The Commonwealth of Virginia is very close to becoming the 16th state (plus Washington D.C.) to legalize recreational “adult use” cannabis. It would also become the first “Southern” state to do so. Neighbors such as Tennessee, North Carolina, South Carolina and Georgia have extremely limited medical programs, while West Virginia and Florida have full medical cannabis programs. But none have adult use programs, and so Virginia is on the verge of becoming the reform leader in the region. Virginia is also the third state to have passed legalization through legislation.

Governor Ralph Northam (D) is expected to sign the legislation shortly. And after years of stagnation on the issue, and a nascent medical cannabis program, he deserves credit for pushing cannabis forward as part of his agenda. Throughout 2020, Governor Northam called on the legislature to legalize and tax adult-use cannabis sales, emphasizing the benefits of directing tax revenue from cannabis sales towards state programs. But Governor Northam also made clear that his support was conditional; any cannabis legalization legislation would need to: (1) create social, racial and economic equity; (2) create substance abuse prevention efforts in schools and communities; (3) protect against underage use; (4) prohibit indoor use; and (5) allow for data collection.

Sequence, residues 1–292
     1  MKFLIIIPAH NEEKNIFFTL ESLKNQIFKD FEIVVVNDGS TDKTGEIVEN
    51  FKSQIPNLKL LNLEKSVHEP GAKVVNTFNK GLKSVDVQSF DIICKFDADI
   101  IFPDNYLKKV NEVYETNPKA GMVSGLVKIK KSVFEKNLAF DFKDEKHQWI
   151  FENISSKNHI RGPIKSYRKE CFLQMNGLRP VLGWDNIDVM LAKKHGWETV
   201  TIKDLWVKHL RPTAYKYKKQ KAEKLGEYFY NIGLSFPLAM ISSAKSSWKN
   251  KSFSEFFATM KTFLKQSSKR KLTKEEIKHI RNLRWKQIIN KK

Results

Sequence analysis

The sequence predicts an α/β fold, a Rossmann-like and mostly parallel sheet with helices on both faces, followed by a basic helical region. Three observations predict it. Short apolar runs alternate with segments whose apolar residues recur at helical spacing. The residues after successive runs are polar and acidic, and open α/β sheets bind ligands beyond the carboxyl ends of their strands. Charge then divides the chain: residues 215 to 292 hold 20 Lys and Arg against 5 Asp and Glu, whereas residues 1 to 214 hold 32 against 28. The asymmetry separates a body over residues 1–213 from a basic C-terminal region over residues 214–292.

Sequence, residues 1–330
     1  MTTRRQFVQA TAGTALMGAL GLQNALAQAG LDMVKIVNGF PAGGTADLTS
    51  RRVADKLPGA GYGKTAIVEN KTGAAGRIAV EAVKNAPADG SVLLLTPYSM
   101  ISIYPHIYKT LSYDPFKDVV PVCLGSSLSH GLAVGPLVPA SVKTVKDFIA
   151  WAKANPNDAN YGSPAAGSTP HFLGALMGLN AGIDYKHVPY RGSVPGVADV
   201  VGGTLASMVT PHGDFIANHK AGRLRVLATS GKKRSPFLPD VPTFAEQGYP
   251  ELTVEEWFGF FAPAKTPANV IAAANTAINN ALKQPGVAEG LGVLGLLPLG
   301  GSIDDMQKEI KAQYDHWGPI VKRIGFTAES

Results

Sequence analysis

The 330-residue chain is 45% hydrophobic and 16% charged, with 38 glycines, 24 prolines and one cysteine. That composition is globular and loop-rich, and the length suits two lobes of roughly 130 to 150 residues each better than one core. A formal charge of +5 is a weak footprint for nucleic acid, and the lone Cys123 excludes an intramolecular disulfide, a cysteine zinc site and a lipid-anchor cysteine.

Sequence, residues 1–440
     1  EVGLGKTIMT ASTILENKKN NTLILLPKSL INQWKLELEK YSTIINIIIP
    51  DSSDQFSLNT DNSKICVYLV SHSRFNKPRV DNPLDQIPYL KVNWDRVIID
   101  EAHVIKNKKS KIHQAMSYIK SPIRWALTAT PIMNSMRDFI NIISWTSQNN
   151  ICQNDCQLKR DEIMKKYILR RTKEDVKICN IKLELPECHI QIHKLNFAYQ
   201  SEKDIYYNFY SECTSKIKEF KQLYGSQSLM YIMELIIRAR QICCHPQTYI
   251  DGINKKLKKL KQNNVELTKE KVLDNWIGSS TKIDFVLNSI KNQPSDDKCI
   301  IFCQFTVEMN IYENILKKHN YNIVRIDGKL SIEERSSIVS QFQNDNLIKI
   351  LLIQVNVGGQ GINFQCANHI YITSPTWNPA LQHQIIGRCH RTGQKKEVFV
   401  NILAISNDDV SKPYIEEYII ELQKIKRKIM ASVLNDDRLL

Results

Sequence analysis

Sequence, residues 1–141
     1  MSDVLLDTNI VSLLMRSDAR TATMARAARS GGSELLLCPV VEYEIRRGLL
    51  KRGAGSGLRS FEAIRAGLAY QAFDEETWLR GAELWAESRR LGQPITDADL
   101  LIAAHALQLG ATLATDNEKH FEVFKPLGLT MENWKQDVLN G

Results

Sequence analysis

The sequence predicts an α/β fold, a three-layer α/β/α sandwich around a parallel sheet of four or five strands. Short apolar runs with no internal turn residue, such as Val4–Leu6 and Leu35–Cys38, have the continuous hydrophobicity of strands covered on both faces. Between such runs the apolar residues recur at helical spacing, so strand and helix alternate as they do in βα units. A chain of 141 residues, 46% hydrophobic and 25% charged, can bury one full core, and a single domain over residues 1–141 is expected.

The bill that passed (S.B. 1406) and went to his desk mostly tracks these principles. Under the bill, the state would authorize the retail sale of marijuana products to individuals age 21 and older and impose a 21% state tax on those sales beginning Jan. 1, 2024. Localities could also impose an additional tax of up to 3% on top of the statewide rate, for a cumulative tax rate of around 30% in most regions of the state when combined with current sales tax rates. The bill also allows the private cultivation of a maximum of four marijuana plants for the personal use of a household and provides a tax exclusion for sales between cannabis retailers and for certain sales of cannabis oil, industrial hemp or hemp extracts. Vertical integration would be allowed in limited circumstances for existing medical cannabis producers and industrial hemp processors. Micro-businesses would be allowed to vertically integrate as well.

Revenue from the state tax will be directed to pre-kindergarten programs for at-risk 3 and 4-year-olds, substance use disorder prevention and treatment programs, and other public health programs. Revenue is also intended to fund the Cannabis Equity Reinvestment Fund and support communities and individuals that have been disproportionately impacted by the war on drugs. Oversight of cannabis regulation and tax administration falls on a newly established Virginia Cannabis Control Authority, with an advisory council chaired by the state Secretary of Health and Human Resources and largely consisting of nonlegislative citizens appointed by the state legislature and the governor.

Virginia appears to be on its way to becoming a robust cannabis market with the stroke of Governor Northam’s pen. The speed with which it has advanced to this point is impressive, and should serve as an example to other states looking to legalize marijuana. Be sure to follow our blog to stay up to date on this and all other developments concerning the cannabis industry